April 3, 2011

Babes Ghost

By Jerry Vilhotti

Zeus would tolerate no nonsense from any gods this game as he had the first few thousand after they discovered this thing playing itself out on Gaea's earth promising each and everyone of them that he would do a Prometheus on the miscreant who dared break his concentration but instead of one vulture eating his or her replenished liver once a day he - The Supreme Ruler who had beaned his father the mighty Cronus when he wasn't looking - would have Edgar Allan Poe's twenty-four hook-nosed birds eating a new liver every long tortuous hour.
He was so intent watching this contest between a young lefty who had a father like he who declared war on all sixteen year old males approaching manhood against a pitcher who was also destined to be ranked among the gods of the game - named Walter Johnson.
Even though Zeus agreed with Poseidon that the nickname Red Sox had no real meaning wishing instead they had taken the name Yankees, he nevertheless was going for the Beantowners for the sole reason their cocky youngster called "Babe" had captured his liking with all the moxie he displayed on and off the field.

"No bull! I don't want anyone playing with the pentagon guy's brain making him forget what's a strike and what's a ball. And Hermes I don't want you tripping runners because you bet against their team nor Athena, my aegis carrier, giving managers the idea to run and hit with the bases loaded like you did to Popeye!"

With no fooling around, the game was indeed a classic as Zeus watched closely the contest going on between pitcher and batter. He jumped excitedly whenever a high and tight fast ball was thrown knowing the next pitch, almost for sure, was going to be a curve that often had a batter falling backward out of his little box and sometimes out of his spikes.
He could see much of himself in this Babe; in the boy that would father the man he would become. His feats would follow him all the way to the house he would build in The Bronx where he would eat thirty hot-dogs while washing them down with ten golden beers speckled with partially chewed materials and then go out onto the field to hit prodigious home runs way over where his tomb stone would one day stand.

The game ended with only one run being scored, due to the "dead ball" , with the Babe hitting the sac-fly for the win.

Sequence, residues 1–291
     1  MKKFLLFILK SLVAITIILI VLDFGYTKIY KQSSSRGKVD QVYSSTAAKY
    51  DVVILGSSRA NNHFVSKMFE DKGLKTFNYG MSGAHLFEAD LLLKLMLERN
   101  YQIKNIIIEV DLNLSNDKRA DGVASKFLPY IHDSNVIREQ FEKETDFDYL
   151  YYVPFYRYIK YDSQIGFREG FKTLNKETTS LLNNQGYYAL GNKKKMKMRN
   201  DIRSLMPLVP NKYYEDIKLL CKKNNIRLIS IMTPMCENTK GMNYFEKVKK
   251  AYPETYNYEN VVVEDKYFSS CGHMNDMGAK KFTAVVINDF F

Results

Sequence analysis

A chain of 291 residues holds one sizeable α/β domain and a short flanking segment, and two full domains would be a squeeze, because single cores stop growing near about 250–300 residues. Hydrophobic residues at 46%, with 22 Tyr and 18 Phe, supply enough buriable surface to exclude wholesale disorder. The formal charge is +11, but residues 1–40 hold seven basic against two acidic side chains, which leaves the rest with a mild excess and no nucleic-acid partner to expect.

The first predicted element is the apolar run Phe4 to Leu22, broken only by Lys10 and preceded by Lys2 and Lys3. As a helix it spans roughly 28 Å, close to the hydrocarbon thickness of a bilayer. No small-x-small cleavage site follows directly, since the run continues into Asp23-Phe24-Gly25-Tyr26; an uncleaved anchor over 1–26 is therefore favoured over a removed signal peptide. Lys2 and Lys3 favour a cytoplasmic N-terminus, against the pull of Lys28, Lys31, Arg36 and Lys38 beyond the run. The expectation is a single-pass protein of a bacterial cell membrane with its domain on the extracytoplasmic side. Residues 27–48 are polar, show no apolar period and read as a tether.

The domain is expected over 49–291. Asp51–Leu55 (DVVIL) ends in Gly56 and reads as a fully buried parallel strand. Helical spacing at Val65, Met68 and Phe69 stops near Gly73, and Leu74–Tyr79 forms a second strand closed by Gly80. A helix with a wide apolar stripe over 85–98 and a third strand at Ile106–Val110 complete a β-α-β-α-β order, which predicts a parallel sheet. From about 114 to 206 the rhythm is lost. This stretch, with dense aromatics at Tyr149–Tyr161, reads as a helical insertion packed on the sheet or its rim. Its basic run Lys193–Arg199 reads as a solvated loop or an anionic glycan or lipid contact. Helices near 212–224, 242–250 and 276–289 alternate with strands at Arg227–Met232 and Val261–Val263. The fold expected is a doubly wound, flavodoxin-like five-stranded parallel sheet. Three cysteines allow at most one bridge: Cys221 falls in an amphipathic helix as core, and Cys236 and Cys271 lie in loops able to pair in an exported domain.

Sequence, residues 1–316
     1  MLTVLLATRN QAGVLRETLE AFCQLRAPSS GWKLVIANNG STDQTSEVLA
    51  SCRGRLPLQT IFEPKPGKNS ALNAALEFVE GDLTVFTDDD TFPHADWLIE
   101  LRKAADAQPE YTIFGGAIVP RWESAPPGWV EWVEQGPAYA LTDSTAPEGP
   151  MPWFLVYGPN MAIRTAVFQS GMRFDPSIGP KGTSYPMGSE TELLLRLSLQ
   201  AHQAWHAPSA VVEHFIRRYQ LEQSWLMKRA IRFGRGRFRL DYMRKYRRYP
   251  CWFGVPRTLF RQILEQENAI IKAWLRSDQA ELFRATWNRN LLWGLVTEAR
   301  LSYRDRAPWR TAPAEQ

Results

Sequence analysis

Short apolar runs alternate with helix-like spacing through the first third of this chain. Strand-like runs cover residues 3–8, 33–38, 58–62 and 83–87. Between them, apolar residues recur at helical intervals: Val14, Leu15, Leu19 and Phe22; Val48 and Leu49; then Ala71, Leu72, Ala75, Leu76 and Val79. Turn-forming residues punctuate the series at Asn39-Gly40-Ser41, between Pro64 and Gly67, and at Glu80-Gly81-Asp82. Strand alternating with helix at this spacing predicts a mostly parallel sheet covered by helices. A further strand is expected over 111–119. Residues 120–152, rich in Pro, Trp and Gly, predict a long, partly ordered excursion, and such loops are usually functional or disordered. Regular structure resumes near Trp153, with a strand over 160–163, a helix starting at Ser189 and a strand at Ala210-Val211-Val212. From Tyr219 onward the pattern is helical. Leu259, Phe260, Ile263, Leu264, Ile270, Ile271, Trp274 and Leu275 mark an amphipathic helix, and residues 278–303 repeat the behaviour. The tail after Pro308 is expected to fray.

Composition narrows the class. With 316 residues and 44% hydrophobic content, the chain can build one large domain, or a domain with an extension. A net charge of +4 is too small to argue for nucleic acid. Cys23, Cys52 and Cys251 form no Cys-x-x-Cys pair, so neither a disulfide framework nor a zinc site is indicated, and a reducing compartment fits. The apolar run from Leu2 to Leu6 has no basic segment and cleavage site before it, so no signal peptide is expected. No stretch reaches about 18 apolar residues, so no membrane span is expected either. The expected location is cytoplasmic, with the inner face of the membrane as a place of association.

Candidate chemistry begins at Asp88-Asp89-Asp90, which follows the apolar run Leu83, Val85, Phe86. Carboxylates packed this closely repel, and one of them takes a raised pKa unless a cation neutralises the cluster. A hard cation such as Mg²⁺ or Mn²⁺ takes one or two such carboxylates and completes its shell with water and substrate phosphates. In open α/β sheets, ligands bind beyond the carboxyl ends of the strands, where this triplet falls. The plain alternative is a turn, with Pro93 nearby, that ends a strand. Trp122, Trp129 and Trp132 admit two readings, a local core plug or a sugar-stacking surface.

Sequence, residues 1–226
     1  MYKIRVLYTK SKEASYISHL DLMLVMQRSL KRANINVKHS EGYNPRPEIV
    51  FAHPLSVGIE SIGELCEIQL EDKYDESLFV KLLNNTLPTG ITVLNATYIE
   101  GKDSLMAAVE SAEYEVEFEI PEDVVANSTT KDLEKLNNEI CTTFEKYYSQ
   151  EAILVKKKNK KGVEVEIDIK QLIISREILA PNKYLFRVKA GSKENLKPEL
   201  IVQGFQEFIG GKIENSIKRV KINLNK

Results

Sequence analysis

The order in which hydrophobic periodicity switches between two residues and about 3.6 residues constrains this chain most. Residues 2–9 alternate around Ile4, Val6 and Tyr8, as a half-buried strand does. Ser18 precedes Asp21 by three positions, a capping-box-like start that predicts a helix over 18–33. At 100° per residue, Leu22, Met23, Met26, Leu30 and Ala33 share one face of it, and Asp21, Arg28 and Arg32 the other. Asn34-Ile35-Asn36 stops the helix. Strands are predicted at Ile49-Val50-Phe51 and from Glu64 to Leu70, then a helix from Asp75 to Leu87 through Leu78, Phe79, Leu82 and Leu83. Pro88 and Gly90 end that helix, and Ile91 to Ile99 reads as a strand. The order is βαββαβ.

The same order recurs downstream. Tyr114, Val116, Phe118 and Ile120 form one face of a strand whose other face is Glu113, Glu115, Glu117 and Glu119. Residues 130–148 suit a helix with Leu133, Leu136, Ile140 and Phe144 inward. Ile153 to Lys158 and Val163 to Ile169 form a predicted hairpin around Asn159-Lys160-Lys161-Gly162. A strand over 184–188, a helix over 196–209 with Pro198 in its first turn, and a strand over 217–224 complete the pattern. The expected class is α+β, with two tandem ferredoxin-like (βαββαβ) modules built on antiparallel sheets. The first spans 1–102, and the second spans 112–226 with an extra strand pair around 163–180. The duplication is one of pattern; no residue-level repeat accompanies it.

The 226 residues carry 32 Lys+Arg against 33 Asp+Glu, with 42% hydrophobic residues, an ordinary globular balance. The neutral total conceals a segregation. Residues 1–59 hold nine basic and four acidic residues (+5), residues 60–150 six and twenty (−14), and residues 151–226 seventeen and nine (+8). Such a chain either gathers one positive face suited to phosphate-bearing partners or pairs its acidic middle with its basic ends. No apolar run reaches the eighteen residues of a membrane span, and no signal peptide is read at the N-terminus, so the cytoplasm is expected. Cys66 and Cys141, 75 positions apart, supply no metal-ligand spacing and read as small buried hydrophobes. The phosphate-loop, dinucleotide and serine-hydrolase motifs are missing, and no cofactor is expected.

Zeus hoped strongly that the earthlings would not make earth a dead ball and when he found out the Beantowners had sent his Babe to New York - he became an anti Boston fanatic vowing the Red Sox would never again win another world serious. It was Zeus who encouraged a bald man for the Cardinals to scamper home from first after lulling the defense into thinking such a thing could not be done. It was he who fashioned the great stretch drives between the Yankees and Red Sox and delighted when the Yankees beat them out and it was he who struck in the last half of the ninth inning when the Red Sox had all but defeated the Mets. He convinced the Boston manager not to put in an uninjured reserve first baseman for defensive purposes who just happened to have good use of both legs and it was he who had the two outs made and the third batter have two strikes on him before allowing him to hit a pop up with eyes to fall unmolested just beyond two outstretched gloves; made a base on balls happen by having the pitcher lose his control and an umpire forget what constituted a strike zone; a wild pitch that he made slip out of sweaty fingers to advance the runners into scoring position and then allowed the polluted sky to fall by having a little snaky grounder - that looked so harmless - slither its way through the legs of the first base man, who found it difficult to bend, and make its way to shallow right field just far enough to score the tying and winning runs!

Zeus didn't even have to show up the next day for the seventh game for the hex was sure to remain for he was the Zeus man and would never forget what "they" had done to The Babe .... END


Jerry submitted this to the old version of THE READER, and several more in the same vain after that. I always enjoy his work and posted several more of his works when he was kind enough to send them my way.

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